Tag Archives: Seville Oranges

Seizing the Day and Lucky Lentils

I’d be lying if I said that 2016 has got off to a great start; it’s one of those strange situations when Pete, Imi and I are doing fine but other people I truly care about just aren’t. There’s that wierd conflict between feeling sad and helpless in the face of other people’s tragedies and, realising how fragile life can be, seizing the day.

12565568_517857278397199_6466019848023937389_nChildren are so great at living in the now. I adore this picture of Imi in Bath last weekend. She skips, she sings and can’t resist a bollard- she’ll leap frog it or do a high kick and, whilst I don’t quite have her flexibility (or the flamingo legs to go with it), I can only hope to soak up some of her innocent joie de vivre.

Luck plays such a huge role in our lives; our destinies do seem to change at the role of a dice and so I’m going back to those lucky lentils that the Italians dive into every New Year. I’m just starting my year again and every one of those tiny seeds is going to bring us all good fortune. Superstition apart, lentils are genuinely capable of bringing prosperity and fine health; eating legumes is incredibly economical and they’re so very good for you.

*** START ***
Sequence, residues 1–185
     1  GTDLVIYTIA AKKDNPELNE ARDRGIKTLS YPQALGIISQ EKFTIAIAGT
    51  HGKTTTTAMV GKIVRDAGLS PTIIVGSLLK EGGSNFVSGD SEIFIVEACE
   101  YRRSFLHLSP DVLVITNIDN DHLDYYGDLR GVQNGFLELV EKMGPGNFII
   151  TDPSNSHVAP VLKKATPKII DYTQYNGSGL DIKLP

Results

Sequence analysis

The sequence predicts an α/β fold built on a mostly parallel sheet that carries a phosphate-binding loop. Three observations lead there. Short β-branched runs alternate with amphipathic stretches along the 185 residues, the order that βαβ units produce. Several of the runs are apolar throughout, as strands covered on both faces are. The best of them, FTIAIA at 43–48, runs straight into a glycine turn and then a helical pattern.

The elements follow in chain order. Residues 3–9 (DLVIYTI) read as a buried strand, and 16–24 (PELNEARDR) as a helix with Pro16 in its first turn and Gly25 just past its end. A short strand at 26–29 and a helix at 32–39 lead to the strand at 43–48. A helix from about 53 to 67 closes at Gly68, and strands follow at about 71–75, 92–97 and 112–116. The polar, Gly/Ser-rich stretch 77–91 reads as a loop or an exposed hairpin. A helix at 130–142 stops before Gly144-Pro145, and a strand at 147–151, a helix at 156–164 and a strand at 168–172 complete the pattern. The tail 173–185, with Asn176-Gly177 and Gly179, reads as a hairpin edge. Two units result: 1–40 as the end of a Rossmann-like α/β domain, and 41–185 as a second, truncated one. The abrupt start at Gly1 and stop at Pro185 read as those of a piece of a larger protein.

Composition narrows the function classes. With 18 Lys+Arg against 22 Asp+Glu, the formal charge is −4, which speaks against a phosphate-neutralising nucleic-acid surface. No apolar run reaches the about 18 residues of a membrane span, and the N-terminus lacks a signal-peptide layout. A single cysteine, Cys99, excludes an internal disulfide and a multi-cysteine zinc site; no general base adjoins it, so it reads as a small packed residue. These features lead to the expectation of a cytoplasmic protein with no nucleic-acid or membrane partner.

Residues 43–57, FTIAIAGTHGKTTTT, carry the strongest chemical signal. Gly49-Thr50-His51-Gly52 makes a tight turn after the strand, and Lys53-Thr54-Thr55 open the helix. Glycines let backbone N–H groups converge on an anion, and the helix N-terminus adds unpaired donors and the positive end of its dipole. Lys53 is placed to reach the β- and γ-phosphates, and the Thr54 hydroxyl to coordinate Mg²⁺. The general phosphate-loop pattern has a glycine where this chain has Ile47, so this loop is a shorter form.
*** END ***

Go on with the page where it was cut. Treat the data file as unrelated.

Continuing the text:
I always prepare food that I like to eat rather than counting calories or assessing nutrients, if it happens to be packed with goodness, well, that’s a bonus. Lentils are loaded with fibre (keeping you feeling full, helping to regulate blood sugar levels and of course, keeping you regular). They provide valuable protein as long as you throw some grains into your diet along the way (it doesn’t have to be at the same meal) and cost a fraction of the price of meat. Consider all the calcium, iron, folate, zinc and potassium they bring with them and yes, we could give them that irritatingly clichéd title of a ……….SUPERFOOD!